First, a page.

Policy Proposals

Tomorrow’s Catch: A Proposal to Strengthen the Economic Sustainability of U.S. Fisheries

September 10, 2014
Energy & Climate

The Problem

Inefficient use and management of wild fisheries located in U.S. waters limits economic gains and increases ecological risks. Phenomena such as pollution or overfishing, which are exacerbated by outmoded regulations and incentives, can jeopardize communities’ economic opportunities in the short and long terms.

The Proposal

The U.S. Congress should consider an amendment to the Magnuson-Stevens Fishery Conservation and Management Act that requires comparative analyses of fishery management approaches—including catch shares—that consider economic, social, and ecological outcomes. Such analyses would be required for fisheries on risky trajectories or undertaken at the request of local fishermen, with the National Oceanic and Atmospheric Administration supporting the design, implementation, and monitoring of new management structures.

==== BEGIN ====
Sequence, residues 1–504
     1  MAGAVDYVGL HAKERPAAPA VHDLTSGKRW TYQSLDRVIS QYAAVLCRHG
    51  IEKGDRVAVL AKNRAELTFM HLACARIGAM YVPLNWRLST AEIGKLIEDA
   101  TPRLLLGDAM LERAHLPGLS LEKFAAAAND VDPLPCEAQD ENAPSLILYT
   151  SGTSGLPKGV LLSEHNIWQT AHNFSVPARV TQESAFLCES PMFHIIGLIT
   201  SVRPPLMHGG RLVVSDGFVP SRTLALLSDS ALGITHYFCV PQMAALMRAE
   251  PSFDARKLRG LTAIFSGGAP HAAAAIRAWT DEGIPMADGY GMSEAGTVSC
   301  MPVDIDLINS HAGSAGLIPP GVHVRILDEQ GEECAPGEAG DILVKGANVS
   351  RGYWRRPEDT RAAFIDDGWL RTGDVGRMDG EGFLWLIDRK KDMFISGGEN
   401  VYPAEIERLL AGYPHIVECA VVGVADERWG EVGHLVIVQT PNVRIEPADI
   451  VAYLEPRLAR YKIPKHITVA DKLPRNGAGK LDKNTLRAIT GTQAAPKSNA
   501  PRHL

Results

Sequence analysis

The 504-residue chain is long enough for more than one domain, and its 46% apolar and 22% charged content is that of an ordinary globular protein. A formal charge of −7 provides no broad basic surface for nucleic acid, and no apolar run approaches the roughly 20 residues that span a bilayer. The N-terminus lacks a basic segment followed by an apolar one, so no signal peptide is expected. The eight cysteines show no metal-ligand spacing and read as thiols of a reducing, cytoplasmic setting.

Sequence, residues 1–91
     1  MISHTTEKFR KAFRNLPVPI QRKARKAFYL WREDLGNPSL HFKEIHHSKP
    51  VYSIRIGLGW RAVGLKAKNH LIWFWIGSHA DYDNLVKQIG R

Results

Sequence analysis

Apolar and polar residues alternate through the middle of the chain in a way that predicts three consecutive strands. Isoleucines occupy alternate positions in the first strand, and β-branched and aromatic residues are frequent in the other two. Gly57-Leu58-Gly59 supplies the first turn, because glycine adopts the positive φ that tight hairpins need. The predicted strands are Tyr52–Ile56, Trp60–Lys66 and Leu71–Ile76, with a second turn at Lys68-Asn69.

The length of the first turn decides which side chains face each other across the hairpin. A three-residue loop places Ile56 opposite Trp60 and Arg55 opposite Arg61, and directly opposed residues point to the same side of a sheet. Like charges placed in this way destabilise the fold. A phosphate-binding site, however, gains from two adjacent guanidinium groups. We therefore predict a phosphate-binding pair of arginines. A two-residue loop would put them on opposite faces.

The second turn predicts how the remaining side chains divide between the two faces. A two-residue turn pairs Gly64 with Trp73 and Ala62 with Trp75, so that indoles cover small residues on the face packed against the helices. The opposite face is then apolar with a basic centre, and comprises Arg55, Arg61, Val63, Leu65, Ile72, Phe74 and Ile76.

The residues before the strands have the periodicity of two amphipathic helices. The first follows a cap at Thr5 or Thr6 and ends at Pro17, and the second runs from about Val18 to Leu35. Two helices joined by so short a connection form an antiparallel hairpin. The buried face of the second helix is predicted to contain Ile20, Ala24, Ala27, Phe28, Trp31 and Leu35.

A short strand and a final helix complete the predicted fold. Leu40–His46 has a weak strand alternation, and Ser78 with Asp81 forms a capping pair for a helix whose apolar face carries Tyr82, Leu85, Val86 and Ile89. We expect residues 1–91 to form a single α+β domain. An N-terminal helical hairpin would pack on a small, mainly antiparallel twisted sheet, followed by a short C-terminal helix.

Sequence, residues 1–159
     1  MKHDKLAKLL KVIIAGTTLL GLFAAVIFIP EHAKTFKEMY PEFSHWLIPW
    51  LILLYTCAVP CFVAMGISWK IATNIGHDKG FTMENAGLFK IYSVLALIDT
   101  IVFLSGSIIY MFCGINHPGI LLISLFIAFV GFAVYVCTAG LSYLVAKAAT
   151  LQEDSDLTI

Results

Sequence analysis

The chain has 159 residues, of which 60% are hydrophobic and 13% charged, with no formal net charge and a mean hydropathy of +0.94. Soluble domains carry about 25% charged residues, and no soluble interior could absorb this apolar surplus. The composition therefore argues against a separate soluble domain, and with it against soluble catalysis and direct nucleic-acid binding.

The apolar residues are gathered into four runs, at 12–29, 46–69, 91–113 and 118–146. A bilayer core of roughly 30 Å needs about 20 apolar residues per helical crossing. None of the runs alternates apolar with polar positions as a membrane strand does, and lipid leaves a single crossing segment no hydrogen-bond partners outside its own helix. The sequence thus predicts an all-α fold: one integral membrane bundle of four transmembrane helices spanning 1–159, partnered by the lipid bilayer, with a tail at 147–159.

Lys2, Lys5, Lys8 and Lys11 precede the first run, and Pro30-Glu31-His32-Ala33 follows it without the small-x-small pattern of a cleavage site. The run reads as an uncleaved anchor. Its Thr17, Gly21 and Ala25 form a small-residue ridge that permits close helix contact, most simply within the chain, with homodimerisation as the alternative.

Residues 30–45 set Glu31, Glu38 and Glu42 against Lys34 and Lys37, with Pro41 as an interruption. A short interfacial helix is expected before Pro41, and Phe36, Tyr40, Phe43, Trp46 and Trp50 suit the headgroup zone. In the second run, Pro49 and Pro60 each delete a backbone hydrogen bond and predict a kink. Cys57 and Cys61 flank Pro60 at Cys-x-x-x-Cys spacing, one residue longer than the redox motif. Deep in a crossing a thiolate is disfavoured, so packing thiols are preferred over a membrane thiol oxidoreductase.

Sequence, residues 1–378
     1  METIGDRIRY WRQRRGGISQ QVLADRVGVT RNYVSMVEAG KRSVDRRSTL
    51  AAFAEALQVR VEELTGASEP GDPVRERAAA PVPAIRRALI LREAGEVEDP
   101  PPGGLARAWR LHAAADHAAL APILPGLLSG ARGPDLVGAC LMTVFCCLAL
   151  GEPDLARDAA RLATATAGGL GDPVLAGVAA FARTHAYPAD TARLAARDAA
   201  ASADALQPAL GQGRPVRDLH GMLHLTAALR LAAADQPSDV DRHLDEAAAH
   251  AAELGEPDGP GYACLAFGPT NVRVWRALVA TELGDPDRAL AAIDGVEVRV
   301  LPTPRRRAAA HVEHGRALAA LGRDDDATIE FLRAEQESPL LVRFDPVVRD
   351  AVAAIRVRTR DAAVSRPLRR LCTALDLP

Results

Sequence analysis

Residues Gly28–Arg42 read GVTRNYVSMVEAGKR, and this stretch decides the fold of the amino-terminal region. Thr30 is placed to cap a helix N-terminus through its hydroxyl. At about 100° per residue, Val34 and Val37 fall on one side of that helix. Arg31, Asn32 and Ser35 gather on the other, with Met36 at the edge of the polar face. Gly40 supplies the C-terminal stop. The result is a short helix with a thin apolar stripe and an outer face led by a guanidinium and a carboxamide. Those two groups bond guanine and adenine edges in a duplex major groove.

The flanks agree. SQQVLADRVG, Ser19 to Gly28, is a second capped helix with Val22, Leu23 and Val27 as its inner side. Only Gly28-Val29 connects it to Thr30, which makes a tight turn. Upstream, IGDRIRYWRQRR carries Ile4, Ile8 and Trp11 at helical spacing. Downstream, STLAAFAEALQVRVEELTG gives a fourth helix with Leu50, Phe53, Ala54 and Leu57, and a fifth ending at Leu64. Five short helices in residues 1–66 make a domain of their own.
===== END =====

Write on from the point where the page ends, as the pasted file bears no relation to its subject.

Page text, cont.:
For wild fisheries in U.S. waters, economic prosperity and environmental sustainability go hand in hand. Yet the tremendous economic potential of U.S. fisheries is left largely untapped due to command-and-control style regulations that incentivize inefficient use of economic inputs, overexploitation, and overcapitalization. These perverse incentives can lead to economic, and often ecological, disaster. Fortunately, a collection of promising fishery management tools is available. This suite of solutions, collectively called catch shares, is based on the principle of property rights to individuals, cooperatives, or fishing communities; the policy and legal infrastructure for implementation of catch shares already exists in the United States. This proposal calls for an amendment to the Magnuson-Stevens Fishery Conservation and Management Act, the federal law currently guiding the management of U.S. fisheries, that would, for certain fisheries, require transparent comparison of the economic, social, and ecological trade-offs between status quo management and these alternatives. If executed carefully, this new approach could benefit all fishery stakeholders and lead to the design and adoption of fishery management approaches that significantly improve fishery value, recovery, and security for fishing communities, as well as ecological outcomes.